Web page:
Links to today’s show transcripts:
Stonewall Jackson’s Great-Great-Grandsons Call for Removal of Confederate Monuments
At least 1,500 symbols of the Confederacy can be found in public spaces across the country. But now a number of the monuments are coming down. Calls for the removal of the statues are even coming from the descendants of the leaders of the Confederacy. Two of the great-great-grandsons of Confederate General Stonewall Jackson, Jack and Warren Christian, have just written an open letter to the mayor of Richmond calling for the removal of the Stonewall Jackson statue in Richmond. They write, “Our sense of justice leads us to believe that removing the Stonewall statue and other monuments should be part of a larger project of actively mending the racial disparities that hundreds of years of white supremacy have wrought.”
Life After Hate: Trump Admin Stops Funding Former Neo-Nazis Who Now Fight White Supremacy
Foreign Policy recently published an FBI and Department of Homeland Security bulletin that concluded white supremacist groups were “responsible for 49 homicides in 26 attacks from 2000 to 2016…more than any other domestic extremist movement.” Despite these findings, the Trump administration recently slashed funds to organizations dedicated to fighting right-wing violence. One group, Life After Hate, which works to help white nationalists and neo-Nazis disengage from hate and violent extremism, was set to receive a grant under the DHS’s Countering Violent Extremism program, approved by the Obama administration. When Trump DHS policy adviser Katharine Gorka released the final list of grantees in June, Life After Hate had been eliminated. Gorka is the wife of Trump adviser Sebastian Gorka, who has been linked to a Hungarian far-right, Nazi-allied group.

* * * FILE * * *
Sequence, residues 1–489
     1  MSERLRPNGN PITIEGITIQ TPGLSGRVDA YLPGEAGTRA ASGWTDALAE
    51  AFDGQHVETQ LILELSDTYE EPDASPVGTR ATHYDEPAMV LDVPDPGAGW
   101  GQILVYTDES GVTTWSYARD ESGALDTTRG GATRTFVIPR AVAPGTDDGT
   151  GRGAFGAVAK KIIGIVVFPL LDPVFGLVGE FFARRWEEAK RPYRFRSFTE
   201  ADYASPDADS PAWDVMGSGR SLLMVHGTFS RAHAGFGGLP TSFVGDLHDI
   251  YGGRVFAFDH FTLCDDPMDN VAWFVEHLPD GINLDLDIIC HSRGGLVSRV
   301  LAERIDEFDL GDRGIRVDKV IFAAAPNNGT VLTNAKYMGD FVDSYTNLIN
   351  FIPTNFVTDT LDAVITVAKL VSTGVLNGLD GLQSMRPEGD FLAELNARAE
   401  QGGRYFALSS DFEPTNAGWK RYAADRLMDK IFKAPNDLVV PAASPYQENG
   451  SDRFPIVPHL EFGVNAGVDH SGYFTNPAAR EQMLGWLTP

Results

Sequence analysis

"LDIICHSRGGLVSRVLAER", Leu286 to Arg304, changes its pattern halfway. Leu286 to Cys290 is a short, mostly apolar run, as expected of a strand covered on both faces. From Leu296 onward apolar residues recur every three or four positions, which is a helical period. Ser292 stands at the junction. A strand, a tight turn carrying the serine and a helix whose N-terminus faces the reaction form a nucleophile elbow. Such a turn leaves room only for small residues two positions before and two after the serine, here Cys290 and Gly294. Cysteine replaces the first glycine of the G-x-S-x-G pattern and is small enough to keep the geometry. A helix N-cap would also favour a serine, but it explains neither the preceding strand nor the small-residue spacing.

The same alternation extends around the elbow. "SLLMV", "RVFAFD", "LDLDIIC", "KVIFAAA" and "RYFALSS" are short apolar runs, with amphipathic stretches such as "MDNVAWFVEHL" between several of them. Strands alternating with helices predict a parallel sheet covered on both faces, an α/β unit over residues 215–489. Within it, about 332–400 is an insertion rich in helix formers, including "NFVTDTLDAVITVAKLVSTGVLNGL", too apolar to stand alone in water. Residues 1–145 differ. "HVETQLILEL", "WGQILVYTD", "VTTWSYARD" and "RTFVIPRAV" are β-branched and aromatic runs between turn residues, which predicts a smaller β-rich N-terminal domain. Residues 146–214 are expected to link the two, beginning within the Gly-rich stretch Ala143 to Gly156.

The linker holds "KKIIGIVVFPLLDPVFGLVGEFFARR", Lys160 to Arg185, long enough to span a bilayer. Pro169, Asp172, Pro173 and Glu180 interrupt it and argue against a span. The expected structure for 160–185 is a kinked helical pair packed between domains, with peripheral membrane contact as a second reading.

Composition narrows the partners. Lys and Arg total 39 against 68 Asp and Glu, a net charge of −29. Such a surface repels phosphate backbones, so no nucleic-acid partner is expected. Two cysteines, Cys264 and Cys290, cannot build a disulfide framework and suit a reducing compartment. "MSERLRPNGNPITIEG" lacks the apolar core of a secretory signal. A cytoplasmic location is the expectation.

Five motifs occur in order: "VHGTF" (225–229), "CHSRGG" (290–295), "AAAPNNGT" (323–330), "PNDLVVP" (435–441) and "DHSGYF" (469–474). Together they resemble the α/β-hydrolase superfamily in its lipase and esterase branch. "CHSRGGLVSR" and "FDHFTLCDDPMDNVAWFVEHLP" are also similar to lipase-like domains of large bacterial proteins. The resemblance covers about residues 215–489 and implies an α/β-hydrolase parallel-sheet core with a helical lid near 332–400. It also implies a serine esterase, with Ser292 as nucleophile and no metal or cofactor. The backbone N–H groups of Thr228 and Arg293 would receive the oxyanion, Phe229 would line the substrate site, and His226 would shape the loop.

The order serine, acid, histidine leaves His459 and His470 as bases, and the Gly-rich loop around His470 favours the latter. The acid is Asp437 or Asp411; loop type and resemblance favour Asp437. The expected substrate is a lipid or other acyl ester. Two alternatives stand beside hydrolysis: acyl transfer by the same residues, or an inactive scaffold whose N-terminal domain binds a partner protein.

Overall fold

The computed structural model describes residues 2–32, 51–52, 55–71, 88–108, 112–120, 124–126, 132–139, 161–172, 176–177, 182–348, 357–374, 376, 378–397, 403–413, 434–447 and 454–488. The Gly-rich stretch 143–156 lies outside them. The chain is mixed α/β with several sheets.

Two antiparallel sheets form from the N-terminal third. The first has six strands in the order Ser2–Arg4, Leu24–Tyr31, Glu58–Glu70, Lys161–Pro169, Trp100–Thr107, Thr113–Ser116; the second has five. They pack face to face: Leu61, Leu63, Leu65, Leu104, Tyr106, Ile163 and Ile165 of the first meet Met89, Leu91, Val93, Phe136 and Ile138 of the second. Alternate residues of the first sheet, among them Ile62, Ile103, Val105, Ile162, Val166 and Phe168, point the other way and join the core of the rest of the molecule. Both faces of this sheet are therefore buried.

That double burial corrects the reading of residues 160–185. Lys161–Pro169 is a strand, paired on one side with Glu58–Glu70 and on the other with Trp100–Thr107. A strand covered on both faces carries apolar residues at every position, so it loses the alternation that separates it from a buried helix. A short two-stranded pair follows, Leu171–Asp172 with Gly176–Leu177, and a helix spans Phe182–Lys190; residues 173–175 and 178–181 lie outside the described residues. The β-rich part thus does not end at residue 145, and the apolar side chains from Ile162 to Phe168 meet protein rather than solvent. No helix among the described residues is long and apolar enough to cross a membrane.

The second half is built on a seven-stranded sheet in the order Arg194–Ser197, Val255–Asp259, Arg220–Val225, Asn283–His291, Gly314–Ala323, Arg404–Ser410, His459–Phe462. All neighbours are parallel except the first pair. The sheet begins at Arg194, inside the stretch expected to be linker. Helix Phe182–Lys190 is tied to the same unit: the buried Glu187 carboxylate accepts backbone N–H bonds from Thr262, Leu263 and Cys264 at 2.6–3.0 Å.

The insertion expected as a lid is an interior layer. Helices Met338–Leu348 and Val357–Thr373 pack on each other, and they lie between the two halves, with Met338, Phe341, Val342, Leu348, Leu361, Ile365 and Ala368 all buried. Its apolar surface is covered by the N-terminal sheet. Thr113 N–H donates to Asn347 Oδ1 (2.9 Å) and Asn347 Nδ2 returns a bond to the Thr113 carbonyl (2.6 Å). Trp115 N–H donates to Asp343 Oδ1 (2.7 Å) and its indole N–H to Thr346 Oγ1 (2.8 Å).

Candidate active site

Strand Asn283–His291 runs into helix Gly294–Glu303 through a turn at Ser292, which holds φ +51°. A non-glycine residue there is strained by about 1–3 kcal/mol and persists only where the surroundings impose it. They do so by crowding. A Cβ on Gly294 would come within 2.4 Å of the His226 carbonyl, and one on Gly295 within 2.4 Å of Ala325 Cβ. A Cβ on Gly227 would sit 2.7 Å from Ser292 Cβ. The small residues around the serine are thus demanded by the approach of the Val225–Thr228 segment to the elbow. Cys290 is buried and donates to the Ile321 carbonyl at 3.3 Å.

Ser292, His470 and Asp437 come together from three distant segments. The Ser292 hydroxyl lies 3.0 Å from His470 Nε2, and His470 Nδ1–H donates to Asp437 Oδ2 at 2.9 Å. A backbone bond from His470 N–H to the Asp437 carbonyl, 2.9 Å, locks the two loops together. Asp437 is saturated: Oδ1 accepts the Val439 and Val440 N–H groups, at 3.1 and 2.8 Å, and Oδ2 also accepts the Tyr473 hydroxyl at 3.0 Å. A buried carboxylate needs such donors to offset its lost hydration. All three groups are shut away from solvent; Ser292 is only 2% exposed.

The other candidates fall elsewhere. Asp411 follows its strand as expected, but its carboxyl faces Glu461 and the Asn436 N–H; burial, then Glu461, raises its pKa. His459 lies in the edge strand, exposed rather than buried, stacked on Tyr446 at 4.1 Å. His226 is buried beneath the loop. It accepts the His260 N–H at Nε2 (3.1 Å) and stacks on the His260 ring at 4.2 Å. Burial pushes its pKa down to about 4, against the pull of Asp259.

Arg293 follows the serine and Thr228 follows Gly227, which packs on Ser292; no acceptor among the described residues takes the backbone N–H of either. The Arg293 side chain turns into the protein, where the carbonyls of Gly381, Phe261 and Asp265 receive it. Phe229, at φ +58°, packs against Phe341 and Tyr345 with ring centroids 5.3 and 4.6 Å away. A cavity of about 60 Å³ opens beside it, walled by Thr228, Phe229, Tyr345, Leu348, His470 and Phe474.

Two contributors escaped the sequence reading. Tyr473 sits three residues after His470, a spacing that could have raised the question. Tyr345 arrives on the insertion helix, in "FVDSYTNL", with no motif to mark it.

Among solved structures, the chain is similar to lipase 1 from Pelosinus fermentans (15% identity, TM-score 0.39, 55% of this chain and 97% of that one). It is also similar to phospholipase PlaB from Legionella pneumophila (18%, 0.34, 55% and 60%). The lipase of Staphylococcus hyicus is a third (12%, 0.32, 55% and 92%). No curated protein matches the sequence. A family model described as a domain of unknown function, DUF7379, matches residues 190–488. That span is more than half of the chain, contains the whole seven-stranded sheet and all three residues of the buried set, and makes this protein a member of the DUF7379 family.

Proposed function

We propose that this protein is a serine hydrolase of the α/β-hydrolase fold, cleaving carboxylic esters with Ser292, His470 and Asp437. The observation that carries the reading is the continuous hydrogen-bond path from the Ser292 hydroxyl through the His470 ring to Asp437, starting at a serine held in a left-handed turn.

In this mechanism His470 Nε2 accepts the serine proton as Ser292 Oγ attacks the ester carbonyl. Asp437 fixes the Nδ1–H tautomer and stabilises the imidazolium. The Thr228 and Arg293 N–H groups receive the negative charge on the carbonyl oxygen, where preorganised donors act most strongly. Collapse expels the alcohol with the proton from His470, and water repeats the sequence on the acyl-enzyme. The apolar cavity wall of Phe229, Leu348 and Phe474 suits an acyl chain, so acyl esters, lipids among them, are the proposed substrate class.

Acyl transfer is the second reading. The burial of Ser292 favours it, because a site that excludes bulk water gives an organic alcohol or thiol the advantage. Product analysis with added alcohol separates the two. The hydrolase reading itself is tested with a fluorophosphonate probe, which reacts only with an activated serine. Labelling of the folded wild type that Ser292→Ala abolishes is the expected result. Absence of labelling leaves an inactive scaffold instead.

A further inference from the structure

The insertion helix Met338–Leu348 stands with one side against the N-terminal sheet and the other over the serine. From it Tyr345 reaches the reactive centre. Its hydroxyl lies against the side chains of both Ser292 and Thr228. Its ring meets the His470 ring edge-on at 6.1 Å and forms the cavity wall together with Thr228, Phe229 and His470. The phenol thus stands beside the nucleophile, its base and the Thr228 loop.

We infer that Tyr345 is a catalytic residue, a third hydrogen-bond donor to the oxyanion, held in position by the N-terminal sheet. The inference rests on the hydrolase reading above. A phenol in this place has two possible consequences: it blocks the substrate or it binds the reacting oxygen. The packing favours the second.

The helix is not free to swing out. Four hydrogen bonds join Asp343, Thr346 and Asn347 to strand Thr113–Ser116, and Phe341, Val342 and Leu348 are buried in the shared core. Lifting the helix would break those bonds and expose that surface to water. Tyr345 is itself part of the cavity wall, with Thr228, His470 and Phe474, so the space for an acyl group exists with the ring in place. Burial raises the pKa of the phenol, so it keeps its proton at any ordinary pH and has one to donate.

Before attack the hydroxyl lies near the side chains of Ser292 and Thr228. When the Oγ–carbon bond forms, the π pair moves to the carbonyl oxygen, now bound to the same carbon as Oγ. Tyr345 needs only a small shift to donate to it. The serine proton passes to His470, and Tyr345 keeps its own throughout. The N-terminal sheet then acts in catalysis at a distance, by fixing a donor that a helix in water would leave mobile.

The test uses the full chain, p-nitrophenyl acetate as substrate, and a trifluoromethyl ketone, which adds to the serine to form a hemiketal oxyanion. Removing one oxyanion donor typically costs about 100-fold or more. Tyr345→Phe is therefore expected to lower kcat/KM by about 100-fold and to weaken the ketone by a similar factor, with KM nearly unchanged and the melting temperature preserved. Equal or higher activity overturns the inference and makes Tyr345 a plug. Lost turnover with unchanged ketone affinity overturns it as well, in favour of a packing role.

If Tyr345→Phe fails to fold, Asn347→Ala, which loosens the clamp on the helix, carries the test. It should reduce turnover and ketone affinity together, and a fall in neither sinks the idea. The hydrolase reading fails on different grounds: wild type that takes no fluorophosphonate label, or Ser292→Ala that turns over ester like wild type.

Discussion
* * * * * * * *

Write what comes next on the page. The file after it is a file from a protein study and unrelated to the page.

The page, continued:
Nephew of Fascist Who Marched in Charlottesville & Former Neo-Nazi on Confronting Racists
Days after the deadly white supremacist rally in Charottesville, Virginia, a remarkable letter was published in a local newspaper in Fargo, North Dakota. The letter was written by Pearce Tefft about his son, Peter Tefft, who was photographed attending Saturday’s deadly white supremacist rally in Charlottesville. Pearce Tefft wrote, “[N]one of his beliefs were learned at home. We do not, never have, and never will, accept his twisted worldview. [Peter] once joked, ‘The thing about us fascists is, it’s not that we don’t believe in freedom of speech. You can say whatever you want. We’ll just throw you in an oven.’ Peter, you will have to shovel our bodies into the oven, too. Please son, renounce the hate, accept and love all.” Democracy Now! recently spoke with another member of the family, Jacob Scott, Peter Tefft’s nephew, along with Christian Picciolini, co-founder of Life After Hate, a nonprofit helping people disengage from hate and violent extremism. He was a leading neo-Nazi skinhead gang member and far-right extremist in the ’80s and ’90s.